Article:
Adolph Gysbert Malan was born in Wellington, South Africa. A natural leader and driven individual with a totally positive outlook, aged fourteen Malan became an officer cadet in the South African Merchant Navy, before being commissioned into the Royal Navy Reserve. Well-travelled and worldly-wise, aged twenty-five the intrepid adventurer applied for a Short Service Commission in the RAF. Universally known as ‘Sailor’ in the RAF, Malan became a fighter pilot. Shortly after war was declared, Malan was involved in the infamous ‘Battle of Barking Creek’, in which 74 Squadron mistakenly destroyed friendly Hurricanes. Then, over Dunkirk in May 1940, Malan’s exceptional ability was immediately demonstrated in combat and a string of confirmed aerial victories rapidly accumulated. The following month, Malan scored the Spitfire’s first nocturnal kill. By August 1940 he was commanding 74 Squadron, which he led with great distinction during the Battle of Britain. In March 1941, Malan was promoted and became the first Wing Commander (Flying) at Biggin Hill, leading the three-squadron-strong Spitfire wing during operations over northern France. After a break from operations, Malan went on to command a succession of fighter training units, passing on his tactical genius and experience, and producing his famous ‘Ten Rules of Air Fighting’ which are still cited today. By the war’s end, Group Captain Malan was the RAF’s tenth top-scoring fighter pilot. Leaving the RAF in 1945 and returning to South Africa, he was disgusted by Apartheid and founded the ‘Torch Commando’ of ex-servicemen against this appalling racist policy. This part of Malan’s life is equally as inspirational, in fact, as his wartime service, and actually tells us more about the man than just his RAF record. Tragically, in 1963, he died, prematurely, aged just fifty-three, of Parkinson’s. Written with the support of the Malan family, this biography is the full story of a remarkable airman and politician.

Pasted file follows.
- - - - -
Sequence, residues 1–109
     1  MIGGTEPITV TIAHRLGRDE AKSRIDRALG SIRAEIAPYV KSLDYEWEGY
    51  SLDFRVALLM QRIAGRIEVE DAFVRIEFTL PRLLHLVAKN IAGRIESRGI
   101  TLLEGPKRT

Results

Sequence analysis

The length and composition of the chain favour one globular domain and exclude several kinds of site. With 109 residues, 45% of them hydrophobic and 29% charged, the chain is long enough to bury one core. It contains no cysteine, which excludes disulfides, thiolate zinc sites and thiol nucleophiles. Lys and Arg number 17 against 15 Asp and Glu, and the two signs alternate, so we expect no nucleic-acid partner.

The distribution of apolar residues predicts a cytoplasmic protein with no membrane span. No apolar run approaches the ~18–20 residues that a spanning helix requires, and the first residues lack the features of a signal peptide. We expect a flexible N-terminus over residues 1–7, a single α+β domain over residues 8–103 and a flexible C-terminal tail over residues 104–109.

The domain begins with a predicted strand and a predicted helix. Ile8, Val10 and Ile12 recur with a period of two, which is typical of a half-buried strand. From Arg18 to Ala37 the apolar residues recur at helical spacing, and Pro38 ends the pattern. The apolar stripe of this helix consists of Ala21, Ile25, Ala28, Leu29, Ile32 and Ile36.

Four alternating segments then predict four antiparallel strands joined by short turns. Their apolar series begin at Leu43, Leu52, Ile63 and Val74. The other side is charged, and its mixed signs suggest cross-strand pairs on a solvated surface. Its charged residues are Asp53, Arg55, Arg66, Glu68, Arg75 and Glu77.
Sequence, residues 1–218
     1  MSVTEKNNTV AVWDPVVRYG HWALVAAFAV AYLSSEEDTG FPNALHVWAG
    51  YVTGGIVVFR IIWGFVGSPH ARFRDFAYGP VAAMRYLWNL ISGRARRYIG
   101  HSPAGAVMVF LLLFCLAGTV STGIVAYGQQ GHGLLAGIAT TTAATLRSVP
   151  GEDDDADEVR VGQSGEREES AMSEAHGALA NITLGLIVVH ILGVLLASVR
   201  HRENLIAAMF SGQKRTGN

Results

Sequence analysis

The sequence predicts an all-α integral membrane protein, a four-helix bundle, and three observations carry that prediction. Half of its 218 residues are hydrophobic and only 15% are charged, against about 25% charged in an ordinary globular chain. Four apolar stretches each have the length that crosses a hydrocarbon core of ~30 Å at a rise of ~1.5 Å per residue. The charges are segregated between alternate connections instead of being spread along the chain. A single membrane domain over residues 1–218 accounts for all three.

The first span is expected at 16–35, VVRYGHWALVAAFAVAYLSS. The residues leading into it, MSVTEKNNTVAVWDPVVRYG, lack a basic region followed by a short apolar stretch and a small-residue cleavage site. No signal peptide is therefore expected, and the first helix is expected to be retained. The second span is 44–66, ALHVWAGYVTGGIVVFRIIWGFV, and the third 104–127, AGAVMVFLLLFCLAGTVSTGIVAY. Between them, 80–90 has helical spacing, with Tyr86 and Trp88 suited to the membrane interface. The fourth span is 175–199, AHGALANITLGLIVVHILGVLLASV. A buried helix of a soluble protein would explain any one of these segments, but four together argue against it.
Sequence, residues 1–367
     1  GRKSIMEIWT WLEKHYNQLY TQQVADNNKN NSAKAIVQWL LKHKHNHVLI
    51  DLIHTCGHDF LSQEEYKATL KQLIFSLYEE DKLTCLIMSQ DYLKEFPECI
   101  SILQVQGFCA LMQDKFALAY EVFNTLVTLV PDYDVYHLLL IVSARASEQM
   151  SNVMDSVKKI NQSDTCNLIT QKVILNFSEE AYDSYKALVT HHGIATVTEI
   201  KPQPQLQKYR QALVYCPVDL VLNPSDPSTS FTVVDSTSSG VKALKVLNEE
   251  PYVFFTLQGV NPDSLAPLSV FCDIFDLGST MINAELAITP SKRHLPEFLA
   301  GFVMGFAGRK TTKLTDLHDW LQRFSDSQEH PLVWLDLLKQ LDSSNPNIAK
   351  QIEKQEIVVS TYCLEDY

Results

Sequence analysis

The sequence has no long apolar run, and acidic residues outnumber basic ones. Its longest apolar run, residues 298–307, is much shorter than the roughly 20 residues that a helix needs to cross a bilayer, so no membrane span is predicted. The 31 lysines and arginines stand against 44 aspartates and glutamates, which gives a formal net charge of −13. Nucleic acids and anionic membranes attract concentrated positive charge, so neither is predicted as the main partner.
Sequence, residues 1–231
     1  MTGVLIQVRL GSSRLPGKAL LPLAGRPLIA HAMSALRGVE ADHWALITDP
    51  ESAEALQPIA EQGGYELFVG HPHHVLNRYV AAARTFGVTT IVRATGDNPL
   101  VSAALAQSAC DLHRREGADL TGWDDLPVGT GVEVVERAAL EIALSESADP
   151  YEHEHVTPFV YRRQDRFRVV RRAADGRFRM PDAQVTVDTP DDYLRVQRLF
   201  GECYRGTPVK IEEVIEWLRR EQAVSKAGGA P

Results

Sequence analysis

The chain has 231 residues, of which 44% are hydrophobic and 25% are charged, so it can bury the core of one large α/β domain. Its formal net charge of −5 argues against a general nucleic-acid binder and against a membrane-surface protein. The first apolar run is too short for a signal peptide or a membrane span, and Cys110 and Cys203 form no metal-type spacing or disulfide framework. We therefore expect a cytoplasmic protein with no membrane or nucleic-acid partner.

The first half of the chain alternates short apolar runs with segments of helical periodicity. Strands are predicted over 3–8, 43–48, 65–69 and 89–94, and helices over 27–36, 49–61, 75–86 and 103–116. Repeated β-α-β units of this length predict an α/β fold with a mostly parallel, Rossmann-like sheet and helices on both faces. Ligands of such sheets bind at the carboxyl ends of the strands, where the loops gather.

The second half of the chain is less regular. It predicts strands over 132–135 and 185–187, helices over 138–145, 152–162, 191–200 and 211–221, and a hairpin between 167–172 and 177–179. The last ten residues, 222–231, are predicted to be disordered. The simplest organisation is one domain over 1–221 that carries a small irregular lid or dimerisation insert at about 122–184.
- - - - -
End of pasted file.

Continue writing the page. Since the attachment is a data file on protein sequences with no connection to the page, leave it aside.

ONE OF BRITAIN’S MOST DECORATED FIGHTER PILOTS TELLS HIS RIVETING TRUE STORY OF AERIAL COMBAT... Fast-paced, hard-hitting and personal, Wing Commander J. R. D. “Bob” Braham recounts his brilliant career as a World War II fighter pilot. Beginning with his pre-war training, he takes us battle-by-battle through that fateful afternoon in June, 1944, when he was shot down over occupied Denmark and taken prisoner. From the desperate night-time sorties against the Luftwaffe’s air strikes during the Battle of Britain to the daring daylight intruder raids against Hitler’s crumbling Reich, his story reveals the skill, courage and teamwork between pilot and navigator that made him one of the RAF’s most deadly fighter pilots. “HE’S 400 YARDS DEAD AHEAD!” Suddenly there he was as clear as could be—twin engines, twin tail, our opposite number, an Me110 night-fighter. He was turning gently to port. I climbed back to 16,000 feet, heading again towards Ameland. Before we had straightened out Jacko called urgently: “Hard starboard!” I hauled the Beau round in a tight turn when Jacko called, Look out, you’re closing too fast!” “I’ve got him,” I yelled. He was above me, in a tight turn, and at the speed we were travelling we looked as if we were going to ram him. I eased back the stick, put the sights on him and fired at the point-blank range of about fifty yards. There was a blinding flash as the Me exploded in my face.